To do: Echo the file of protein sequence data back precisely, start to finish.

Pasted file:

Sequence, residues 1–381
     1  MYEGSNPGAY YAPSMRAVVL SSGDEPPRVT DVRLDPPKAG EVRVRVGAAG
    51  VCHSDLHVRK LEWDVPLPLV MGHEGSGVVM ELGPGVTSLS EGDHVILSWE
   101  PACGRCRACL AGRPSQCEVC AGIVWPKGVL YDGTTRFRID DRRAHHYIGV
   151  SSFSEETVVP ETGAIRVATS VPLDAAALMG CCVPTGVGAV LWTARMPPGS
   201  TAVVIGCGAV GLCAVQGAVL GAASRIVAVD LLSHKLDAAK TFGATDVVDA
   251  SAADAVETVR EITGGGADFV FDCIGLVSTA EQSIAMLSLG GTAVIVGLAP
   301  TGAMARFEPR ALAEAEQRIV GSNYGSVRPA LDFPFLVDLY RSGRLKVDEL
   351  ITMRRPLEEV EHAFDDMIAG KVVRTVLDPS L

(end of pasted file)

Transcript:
Sequence, residues 1–381
     1  MYEGSNPGAY YAPSMRAVVL SSGDEPPRVT DVRLDPPKAG EVRVRVGAAG
    51  VCHSDLHVRK LEWDVPLPLV MGHEGSGVVM ELGPGVTSLS EGDHVILSWE
   101  PACGRCRACL AGRPSQCEVC AGIVWPKGVL YDGTTRFRID DRRAHHYIGV
   151  SSFSEETVVP ETGAIRVATS VPLDAAALMG CCVPTGVGAV LWTARMPPGS
   201  TAVVIGCGAV GLCAVQGAVL GAASRIVAVD LLSHKLDAAK TFGATDVVDA
   251  SAADAVETVR EITGGGADFV FDCIGLVSTA EQSIAMLSLG GTAVIVGLAP
   301  TGAMARFEPR ALAEAEQRIV GSNYGSVRPA LDFPFLVDLY RSGRLKVDEL
   351  ITMRRPLEEV EHAFDDMIAG KVVRTVLDPS L